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Entropy and Free Energy

  • #1
I'm having trouble understanding why in a reaction, when the free energy G of the product equal the free energy G of the reactant, the reaction is at equilibrium. Here, as my book say, the system has reached its minimum free energy. I don't really get why... Could someone explain to me...? Thanks!!
 

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  • #2
Oh...never mind. It seems like the reaction just like the Delta G, not G, to be negative to be spontaneous, right? Now The only thing I don't get is:
Since:
Gtotal = Greactant + Gproduct
when Greactant decrease, Gproduct increase, so how can it say at equilibrium, "the system has reached minimum free energy"?
Thanks
 
  • #3
chemisttree
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... Now The only thing I don't get is:
Since:
Gtotal = Greactant + Gproduct
when Greactant decrease, Gproduct increase, so how can it say at equilibrium, "the system has reached minimum free energy"?
Thanks
Is it correct to say "Gtotal = Greactant + Gproduct"?

Gibbs Free Energy is the maximum amount of useful work you can obtain from a process not an inherent energy present in either the products or reactants. Where have you seen this equation? It's news to me.
 
  • #4
Oh, it was in my chemistry book...
 
  • #5
Mapes
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Gibbs Free Energy is the maximum amount of useful work you can obtain from a process not an inherent energy present in either the products or reactants. Where have you seen this equation? It's news to me.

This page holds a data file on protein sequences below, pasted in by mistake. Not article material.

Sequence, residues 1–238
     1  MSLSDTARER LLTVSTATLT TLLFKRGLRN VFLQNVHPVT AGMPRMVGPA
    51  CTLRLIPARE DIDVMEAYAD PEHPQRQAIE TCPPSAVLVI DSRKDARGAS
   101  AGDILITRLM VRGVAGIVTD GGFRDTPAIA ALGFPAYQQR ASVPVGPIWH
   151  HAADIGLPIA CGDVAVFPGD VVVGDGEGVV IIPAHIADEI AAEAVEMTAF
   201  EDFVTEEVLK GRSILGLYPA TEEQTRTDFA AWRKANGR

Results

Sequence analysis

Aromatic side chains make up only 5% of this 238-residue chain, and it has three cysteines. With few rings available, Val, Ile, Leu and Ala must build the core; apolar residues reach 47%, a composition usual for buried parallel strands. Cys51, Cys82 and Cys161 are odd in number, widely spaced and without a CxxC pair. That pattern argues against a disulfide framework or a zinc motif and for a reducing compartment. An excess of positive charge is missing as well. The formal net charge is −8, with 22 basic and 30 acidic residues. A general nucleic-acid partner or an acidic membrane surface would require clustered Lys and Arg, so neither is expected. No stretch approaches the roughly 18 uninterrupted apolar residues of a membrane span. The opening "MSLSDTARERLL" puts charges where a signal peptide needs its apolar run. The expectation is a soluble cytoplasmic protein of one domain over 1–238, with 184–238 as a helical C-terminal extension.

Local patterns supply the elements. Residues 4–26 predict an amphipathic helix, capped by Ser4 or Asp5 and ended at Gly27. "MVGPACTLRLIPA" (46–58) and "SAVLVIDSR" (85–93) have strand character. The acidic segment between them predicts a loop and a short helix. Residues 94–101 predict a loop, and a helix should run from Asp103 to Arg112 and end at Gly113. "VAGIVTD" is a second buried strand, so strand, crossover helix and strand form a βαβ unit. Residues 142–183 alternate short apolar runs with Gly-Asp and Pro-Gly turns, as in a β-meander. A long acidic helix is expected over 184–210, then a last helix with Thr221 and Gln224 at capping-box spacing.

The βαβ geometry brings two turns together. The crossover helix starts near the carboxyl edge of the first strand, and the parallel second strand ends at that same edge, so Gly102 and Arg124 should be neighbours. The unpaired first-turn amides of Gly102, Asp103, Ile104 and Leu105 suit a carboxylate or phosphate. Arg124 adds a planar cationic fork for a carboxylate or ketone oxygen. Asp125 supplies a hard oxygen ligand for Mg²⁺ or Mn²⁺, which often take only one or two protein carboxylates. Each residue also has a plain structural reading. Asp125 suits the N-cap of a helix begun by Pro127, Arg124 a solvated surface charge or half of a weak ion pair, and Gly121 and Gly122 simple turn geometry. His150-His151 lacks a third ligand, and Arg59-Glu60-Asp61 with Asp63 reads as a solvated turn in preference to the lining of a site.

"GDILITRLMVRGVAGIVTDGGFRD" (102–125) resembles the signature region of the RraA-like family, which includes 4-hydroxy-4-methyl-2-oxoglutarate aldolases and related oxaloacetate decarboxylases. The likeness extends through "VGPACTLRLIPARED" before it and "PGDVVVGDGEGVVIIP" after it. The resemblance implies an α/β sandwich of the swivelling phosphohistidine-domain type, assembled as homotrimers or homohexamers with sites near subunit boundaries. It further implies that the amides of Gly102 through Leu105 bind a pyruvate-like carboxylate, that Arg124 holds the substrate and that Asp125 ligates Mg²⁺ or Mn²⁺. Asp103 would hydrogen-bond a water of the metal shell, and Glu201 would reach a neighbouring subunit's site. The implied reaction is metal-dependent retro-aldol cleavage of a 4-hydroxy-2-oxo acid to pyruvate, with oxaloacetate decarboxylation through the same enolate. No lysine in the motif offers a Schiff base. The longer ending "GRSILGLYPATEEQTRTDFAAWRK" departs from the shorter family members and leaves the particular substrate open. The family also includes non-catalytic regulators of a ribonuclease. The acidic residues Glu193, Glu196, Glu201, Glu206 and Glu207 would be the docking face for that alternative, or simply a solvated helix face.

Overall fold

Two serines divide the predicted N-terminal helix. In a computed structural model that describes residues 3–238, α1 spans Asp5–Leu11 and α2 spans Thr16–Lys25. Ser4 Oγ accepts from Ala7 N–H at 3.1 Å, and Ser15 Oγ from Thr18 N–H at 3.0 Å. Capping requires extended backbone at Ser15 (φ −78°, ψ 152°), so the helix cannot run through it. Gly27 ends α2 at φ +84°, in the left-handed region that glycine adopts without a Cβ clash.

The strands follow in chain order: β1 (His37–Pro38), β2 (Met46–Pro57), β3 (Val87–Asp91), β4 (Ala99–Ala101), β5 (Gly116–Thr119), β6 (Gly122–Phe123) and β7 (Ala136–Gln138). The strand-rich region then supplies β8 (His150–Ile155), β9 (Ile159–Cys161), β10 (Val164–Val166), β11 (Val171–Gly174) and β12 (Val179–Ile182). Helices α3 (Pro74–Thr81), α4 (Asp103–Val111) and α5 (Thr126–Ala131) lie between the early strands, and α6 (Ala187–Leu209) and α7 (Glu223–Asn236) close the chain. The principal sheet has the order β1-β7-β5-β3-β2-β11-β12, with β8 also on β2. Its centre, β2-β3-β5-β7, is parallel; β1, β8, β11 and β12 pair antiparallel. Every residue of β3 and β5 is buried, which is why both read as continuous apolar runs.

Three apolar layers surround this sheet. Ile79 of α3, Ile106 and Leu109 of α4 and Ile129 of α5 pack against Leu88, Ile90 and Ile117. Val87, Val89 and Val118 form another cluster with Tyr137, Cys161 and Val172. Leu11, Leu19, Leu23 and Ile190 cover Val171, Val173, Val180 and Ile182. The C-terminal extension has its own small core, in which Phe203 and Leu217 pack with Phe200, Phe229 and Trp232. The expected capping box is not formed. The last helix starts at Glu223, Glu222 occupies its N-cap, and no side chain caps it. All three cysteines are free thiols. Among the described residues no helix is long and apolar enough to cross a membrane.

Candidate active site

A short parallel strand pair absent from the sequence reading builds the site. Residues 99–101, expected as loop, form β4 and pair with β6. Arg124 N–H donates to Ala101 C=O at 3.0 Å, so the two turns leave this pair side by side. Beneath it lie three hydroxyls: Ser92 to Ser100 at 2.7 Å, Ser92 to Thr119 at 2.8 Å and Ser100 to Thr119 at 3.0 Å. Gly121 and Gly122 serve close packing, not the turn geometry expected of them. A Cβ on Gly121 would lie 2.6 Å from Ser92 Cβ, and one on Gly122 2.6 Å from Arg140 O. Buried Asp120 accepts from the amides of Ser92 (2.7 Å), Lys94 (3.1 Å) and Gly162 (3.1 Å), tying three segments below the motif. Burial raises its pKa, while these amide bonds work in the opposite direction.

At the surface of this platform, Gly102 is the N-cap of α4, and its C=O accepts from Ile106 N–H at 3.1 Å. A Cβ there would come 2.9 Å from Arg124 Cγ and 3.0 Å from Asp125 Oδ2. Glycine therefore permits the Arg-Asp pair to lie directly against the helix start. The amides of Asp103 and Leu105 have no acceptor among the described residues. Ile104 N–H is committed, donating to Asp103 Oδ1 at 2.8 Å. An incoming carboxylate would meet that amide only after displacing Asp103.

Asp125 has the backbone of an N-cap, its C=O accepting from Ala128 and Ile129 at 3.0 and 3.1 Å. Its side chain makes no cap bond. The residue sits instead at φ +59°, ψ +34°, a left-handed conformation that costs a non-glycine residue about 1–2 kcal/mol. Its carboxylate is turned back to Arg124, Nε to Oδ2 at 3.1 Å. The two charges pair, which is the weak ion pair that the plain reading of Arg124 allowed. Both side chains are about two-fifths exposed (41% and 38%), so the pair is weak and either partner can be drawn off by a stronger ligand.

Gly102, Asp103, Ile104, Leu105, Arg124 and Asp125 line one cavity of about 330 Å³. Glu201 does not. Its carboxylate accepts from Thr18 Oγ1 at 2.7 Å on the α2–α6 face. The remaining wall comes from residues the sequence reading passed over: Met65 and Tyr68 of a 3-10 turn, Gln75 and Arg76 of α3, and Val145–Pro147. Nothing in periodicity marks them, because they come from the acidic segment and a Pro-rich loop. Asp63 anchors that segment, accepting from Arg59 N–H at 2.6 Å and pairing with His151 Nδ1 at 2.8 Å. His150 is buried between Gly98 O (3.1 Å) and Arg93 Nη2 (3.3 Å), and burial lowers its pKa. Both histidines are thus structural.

The Gibbs free energy G is just the enthalpy minus TS. It's definitely an inherent property (a state function) of a substance.

MonsieurWise, the question is by what magnitude the Gibbs free energies of the reactants and the products increase and decrease. The magnitudes aren't constant; they depend on the amounts that already exist. At equilibrium, [itex]\Delta G_\mathrm{reactant}[/itex] and [itex]\Delta G_\mathrm{product}[/itex] are equal and opposite.
 
  • #6
chemisttree
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The Gibbs free energy G is just the enthalpy minus TS. It's definitely an inherent property (a state function) of a substance.
And just how is that calculated? Say I've got 10 grams of hydrogen at STP... What Gibbs free energy is appropriate for that substance?
 
  • #7
Mapes
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[tex](10\,\mathrm{g})\left(\frac{1}{2.016} \frac{\mathrm{mol}}{\mathrm{g}}\right)\left[0\,\frac{\mathrm{J}}{\mathrm{mol}}-\left(298\,\mathrm{K}\right)\left(131\,\frac{\mathrm{J}}{\mathrm{mol}\cdot\mathrm{K}}\right)\right]\approx -190\,\mathrm{kJ}[/tex]
 

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